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Essay | Cecil's Intellect Suffocates Lucy

This student essay consists of approximately 6 pages of analysis of Cecil's Intellect Suffocates Lucy.
This section contains 1,606 words
(approx. 6 pages at 300 words per page)
Purchase our Student Essay on Cecil's Intellect Suffocates Lucy

Cecil's Intellect Suffocates Lucy

Summary: Essay explains to what extent Cecil's intellect and attitude make it an impossibility for Lucy to fall in love with him in the novel "A Room with a View" by E.M. Forester.
Cecil, a `more than presentable' figure within society, is `good', `clever' and `rich'. With `good' connections and "beautiful manners", Mrs Honeychurch greatly approved of his accepted proposal to marry Lucy. Yet Freddy was uncertain, his dislike towards Cecil unexplainably grew, was it because `Cecil made one talk in his way, instead of letting one talk in one's own way.'? Forster creates Cecil with an aroma of superiority throughout the novel, combined with his intellectual modesty and the recurring thoughts of George Emerson, Lucy therefore felt the need to discontinue their engagement.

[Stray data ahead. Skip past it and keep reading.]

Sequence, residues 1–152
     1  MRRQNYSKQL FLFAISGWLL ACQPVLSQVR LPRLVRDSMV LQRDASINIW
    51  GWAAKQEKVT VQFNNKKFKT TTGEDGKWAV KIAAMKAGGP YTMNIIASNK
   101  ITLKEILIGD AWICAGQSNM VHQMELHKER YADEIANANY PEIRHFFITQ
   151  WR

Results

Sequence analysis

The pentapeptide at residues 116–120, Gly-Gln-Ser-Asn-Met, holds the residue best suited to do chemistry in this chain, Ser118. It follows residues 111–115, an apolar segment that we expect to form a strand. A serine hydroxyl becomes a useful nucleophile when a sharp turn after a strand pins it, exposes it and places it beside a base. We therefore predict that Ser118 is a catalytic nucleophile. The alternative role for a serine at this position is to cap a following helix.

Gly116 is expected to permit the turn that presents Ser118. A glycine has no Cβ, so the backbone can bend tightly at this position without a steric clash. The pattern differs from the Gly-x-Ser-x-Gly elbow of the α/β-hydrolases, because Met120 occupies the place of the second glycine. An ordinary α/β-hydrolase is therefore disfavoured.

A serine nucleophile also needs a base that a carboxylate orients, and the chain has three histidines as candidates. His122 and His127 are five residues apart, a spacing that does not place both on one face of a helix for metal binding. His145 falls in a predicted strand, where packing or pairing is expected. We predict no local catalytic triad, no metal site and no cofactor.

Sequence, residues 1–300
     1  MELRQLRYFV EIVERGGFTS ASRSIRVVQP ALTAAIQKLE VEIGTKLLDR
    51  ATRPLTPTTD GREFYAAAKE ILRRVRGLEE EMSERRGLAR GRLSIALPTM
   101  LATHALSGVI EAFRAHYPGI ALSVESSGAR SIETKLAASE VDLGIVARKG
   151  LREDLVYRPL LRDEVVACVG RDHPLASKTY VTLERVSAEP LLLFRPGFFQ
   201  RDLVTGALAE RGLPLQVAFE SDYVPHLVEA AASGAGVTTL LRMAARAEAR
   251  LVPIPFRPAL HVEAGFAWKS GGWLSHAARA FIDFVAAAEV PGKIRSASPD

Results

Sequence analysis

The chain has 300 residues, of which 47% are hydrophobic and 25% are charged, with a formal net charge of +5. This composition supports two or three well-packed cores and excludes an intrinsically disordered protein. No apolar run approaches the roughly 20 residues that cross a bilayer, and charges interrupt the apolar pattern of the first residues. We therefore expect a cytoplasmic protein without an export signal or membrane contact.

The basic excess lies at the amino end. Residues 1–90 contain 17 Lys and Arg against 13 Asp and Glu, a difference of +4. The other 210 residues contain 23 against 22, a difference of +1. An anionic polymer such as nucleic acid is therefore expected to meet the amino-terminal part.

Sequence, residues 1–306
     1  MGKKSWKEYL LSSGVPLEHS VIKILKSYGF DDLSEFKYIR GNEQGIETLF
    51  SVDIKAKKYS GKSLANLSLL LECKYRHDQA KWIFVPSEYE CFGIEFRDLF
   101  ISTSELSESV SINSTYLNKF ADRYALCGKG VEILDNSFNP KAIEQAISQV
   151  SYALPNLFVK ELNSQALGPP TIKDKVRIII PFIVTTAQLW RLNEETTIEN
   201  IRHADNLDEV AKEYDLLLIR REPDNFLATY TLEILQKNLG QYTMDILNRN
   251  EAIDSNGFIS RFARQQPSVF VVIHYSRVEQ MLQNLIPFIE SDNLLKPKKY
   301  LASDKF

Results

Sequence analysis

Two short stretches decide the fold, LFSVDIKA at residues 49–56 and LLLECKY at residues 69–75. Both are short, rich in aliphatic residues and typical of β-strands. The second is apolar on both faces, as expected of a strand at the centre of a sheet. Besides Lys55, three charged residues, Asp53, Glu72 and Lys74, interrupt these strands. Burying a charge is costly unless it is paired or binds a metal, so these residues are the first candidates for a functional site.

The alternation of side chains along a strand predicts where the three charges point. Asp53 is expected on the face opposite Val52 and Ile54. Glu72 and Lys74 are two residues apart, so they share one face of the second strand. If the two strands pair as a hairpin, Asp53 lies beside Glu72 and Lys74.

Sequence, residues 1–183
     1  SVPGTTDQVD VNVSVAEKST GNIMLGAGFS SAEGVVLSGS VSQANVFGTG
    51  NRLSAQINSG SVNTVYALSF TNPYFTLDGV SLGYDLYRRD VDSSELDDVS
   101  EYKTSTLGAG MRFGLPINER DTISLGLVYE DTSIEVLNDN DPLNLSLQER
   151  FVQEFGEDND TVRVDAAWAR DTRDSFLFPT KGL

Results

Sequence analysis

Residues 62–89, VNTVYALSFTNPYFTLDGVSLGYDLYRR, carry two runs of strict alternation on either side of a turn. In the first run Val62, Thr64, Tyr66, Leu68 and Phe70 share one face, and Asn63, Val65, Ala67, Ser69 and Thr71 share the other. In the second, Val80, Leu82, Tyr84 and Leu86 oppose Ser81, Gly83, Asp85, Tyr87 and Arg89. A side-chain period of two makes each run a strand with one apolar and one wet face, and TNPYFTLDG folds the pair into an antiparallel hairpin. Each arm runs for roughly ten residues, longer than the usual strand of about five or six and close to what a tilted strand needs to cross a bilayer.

Although Cecil is a character who liked to present himself very much as an intellectual, Forster describes him `Like a Gothic statue'. He is completely enveloped in his `self-consciousness', persistently comparing `his' society to others. `A Gothic statue implies celibacy', Cecil is completely inexperienced when it comes to relationships, all his knowledge and understanding...

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This section contains 1,606 words
(approx. 6 pages at 300 words per page)
Purchase our Student Essay on Cecil's Intellect Suffocates Lucy
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